‘Whittling’ away

Retiree opens booth at Homespun to sell works

  • West Knox County retiree Steve Brown can take a gnarled piece of wood and turn it into a bowl or other of his masterpieces. His works are on sale at The Shoppes at Homespun in Farragut. - Tammy Cheek

  • Lines created by a wood fungus create unique designs in Steve Brown’s works. He keeps his pieces as low-gloss and natural as possible to allow the distinctive qualities to shine through. - Tammy Cheek

  • Steve Brown uses a lathe to turn wood pieces into home decors — or even smoking pipes. - Tammy Cheek

For Karns retiree Steve Brown, wood-turning simply was a hobby he enjoyed to pass time.

Then his daughter, Amanda Martin of Farragut, urged him to sell his pieces at The Shoppes at Homespun in Village Green shopping center, where he now has a booth featuring his one-of-a-kind works.

“All of these pieces have a story to tell,” Brown said.

Booth F12 holds an array of his pieces, from vases and planter stand to bowls and candleholders.

“I sort of always enjoyed working with wood,” Brown said. “Back in the ’70s and ’80s, I used to just whittle things.”

In the late 1990s, when he became more serious with the hobby, he started making pipes.

“I just wanted to see what I could do, so I researched it a little bit to see what the pipes were made out of — what kind of wood they used,” Brown said. “I thought, too, I might want to smoke a pipe myself.”

He did, in fact, smoke a pipe for a year — but then “I got over it,” he said and laughed.

During the 1990s, Brown remembered pipe smoking had become a bit of a fad.

“You had a lot of young kids — college students — that were buying these pipes,” he said. “(The fad) didn’t last long.”

Brown’s research led him to discover the virtues of briar wood from the Mediterranean.

“There’s none made here,” he added. “Back in World War II, there were a lot of pipe smokers, but the briar wood could not be imported.”

So, pipe makers improvised, using rhododendron and laurel woods, of which the roots were extremely dense and hard.

Brown experiments with different woods to make his pieces.

“A lot of woods I find are around Catoosa (a wildlife management area near Crossville), ” Brown said. “I would go up there in spring … I would find stumps and knots left behind.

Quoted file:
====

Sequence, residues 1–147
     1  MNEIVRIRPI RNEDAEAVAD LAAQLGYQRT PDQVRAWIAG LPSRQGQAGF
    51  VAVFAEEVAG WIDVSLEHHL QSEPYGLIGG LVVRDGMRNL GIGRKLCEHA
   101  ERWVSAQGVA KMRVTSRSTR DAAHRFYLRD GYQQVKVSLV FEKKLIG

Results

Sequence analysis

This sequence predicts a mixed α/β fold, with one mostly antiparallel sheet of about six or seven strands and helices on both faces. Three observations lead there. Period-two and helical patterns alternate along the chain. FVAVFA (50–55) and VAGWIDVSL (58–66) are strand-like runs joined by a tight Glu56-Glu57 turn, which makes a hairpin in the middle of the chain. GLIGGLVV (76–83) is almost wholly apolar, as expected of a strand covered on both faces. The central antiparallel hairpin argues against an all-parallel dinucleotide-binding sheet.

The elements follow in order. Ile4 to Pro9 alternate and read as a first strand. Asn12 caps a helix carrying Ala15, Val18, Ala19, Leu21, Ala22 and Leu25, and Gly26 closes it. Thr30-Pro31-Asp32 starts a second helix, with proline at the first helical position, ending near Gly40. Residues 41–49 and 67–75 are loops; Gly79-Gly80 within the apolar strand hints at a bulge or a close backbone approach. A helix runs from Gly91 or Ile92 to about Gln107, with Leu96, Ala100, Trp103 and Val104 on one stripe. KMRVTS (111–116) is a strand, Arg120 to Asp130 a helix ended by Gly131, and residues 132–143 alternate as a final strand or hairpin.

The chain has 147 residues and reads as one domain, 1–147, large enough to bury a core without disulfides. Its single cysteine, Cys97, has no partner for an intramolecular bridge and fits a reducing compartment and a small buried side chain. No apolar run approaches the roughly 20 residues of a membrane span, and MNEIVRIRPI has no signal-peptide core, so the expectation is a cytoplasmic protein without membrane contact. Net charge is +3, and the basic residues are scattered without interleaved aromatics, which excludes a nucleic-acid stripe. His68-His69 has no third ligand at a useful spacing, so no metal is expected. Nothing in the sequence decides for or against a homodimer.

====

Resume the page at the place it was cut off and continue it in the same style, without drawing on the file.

“I want all the trash stuff (the lumber companies) don’t use — all the knots and the burroughs,” he added.

Brown then moved on to other pieces — pipe holders, candleholders, lamps — and other woods.

His pieces show a tree’s history with tree rings, beetle tracks and fungus lines, creating beautiful natural designs.

Before retiring in 2018, Brown worked for TVA’s fisheries division for seven years and in government contracts for 15 years.

“One of my biggest enjoyments is being able to get out and find woods,” he said. “I don’t want to just get a block of wood. I like to find unusual pieces that are weathered and washed up on the lake.”

Brown usually does not know what he is going to make with the wood he finds until he studies it for a bit “to see what it’s telling me (to make),” he said.

As his hobby grew, so did the collection of Brown’s works. Even though he gave some pieces away, he still filled up his home.

“My daughter, Amanda, my wife (Susan), and sister (Mary Charles Salomone) had been pushing me for years to get out and sell (the pieces),” he said. “I was hesitant — I love doing it, not selling it — but it’s to the point the house is filling up.

“The biggest inspiration for me to sell was Amanda,” Brown added. “She knew people here (at Homespun).”

Looking around his booth, Brown replied, “This (place) is perfect.”

Martin helps her father sell his works and is looking at creating a website.

The Shoppes at Homespun, 11523 Kingston Pike as well as 1410 Sevierville Road in Maryville, is open from 10 a.m. to 6 p.m., Monday through Saturday, and from 1 to 6 p.m., Sunday.

To find out more about Brown’s pieces that are available, call 865-591-2248.